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On Chess: For the first time in decades, an American contends for the undisputed World Chess title

Fabiano Caruana draped in an American Flag, March, 2018
Nick Dunaevsky

American chess fans everywhere are cheering in the streets, as countryman Fabiano Caruana overcame the game’s elite grandmasters to win the recently concluded Candidates Tournament in Berlin, Germany. He is now qualified to play world champion Magnus Carlsen for his title in November. It is the first time an American will compete for the crown in more than two decades. The last victory for the United States was in 1972, when Bobby Fischer won an epic match against the Russian Boris Spassky in Reykjavik, Iceland.

Caruana, 25, who was born in Miami, raised in Park Slope, Brooklyn, and currently resides in St. Louis, had to recover from a potentially devastating loss in round 12 of the marathon 14-round event that took 18 days to complete. After a rest day to collect his nerves, the new challenger bounced back with two dominating victories to seal his place in history.

When asked how he got over the initial loss, he replied, “We watched a movie, which was nice, because for two hours I could just forget about chess, which is what I needed. [We watched] 'The Shape of Water,' which was excellent.”

Caruana, who become a grandmaster just shy of his 15th birthday, rose to prominence when he won the prestigious Sinquefield Cup in 2014 with a performance that is hailed as one of the greatest individual results in the history of the sport. His perfect 7-0 start, which included a victory against the world champion, catapulted him into the limelight, with chess pundits predicting that he was clearly the rightful next challenger to the throne. However, in 2016, at the last Candidates Tournament held in Moscow, he was dealt a crushing blow in the final round, eliminating his hopes of winning the event. Two years later, he now sits atop all his rivals for a shot at the title.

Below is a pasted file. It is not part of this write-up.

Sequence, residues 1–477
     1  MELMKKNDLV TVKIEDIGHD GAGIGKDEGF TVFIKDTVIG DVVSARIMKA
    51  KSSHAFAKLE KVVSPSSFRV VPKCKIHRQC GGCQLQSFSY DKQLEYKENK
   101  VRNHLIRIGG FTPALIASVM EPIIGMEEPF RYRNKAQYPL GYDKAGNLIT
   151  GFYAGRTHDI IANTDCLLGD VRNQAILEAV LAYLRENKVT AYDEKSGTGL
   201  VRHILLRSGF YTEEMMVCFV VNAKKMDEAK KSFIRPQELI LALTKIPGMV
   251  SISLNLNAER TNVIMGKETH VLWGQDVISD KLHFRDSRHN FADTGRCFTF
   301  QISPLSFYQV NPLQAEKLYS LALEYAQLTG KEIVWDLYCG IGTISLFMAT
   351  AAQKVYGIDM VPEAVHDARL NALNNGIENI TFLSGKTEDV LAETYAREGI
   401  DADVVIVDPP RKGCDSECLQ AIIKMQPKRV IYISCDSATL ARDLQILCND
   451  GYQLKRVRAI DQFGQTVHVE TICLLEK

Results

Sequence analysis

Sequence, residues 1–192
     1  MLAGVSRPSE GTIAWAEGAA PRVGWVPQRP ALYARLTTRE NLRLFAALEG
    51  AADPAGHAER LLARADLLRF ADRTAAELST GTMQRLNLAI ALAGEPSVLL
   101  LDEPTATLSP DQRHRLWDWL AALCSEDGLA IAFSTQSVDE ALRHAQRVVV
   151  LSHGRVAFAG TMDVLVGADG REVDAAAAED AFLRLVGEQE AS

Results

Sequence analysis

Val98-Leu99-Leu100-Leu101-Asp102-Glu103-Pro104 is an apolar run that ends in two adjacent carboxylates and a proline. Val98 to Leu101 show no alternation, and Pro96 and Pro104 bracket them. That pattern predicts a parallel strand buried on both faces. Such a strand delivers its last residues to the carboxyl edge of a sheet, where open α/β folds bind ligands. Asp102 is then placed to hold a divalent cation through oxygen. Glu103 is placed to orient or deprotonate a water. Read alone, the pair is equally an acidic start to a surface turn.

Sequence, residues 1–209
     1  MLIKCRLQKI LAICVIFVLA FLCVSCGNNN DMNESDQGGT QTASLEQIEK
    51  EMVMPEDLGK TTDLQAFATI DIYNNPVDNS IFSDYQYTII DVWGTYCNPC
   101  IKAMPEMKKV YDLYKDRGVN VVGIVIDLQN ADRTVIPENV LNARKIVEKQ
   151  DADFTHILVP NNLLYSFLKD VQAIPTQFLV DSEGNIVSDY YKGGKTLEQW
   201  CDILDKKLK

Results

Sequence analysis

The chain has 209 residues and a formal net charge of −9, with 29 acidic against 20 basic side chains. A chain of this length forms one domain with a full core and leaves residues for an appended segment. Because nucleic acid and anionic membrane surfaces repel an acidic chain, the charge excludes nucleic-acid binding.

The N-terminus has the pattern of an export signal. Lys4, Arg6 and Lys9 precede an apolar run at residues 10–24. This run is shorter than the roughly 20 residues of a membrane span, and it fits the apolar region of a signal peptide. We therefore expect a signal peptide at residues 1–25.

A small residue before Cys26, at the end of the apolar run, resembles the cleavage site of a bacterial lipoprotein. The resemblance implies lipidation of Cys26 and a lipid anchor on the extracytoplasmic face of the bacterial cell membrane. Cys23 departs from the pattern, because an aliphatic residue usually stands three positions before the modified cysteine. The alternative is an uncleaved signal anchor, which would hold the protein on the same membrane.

“I know he deserves it,” said his mother, Santina Caruana. “It was too stressful for me to follow the event, so I just didn't watch. I only found out yesterday that he was leading, and for some reason we thought he had won. We had to suffer one more day, but he did it! My heart is pounding.”

“He runs the show,” added his dad, Lou. “A long while ago, he asked for more and more control of his career, and now he is the boss. He has been on a long journey, and it has paid off.”

The family decided to relocate to Europe when young Fabiano was 12 so that he could play on the more competitive European circuit. He competed under his mother’s Italian flag until 2015, when he decided to switch back to playing for his home country. He became U.S. champion in 2016 and played first board for the U.S. team that won the Chess Olympiad later that year in Baku, Azerbaijan — the first time an American team had taken home the gold medal in 76 years. Now he will represent the U.S. as he fights for the title of best chess player on the planet.

“We always knew we would come back,” said Santina, “To win it for the U.S. It’s just right to do it back home.”

Maurice Ashley is a Jamaican-American chess grandmaster, author, commentator, app designer, puzzle inventor, and motivational speaker. In 1999, he earned the grandmaster title, making him the world's first African-American grandmaster. In 2016, he was inducted into the U.S. Chess Hall of Fame.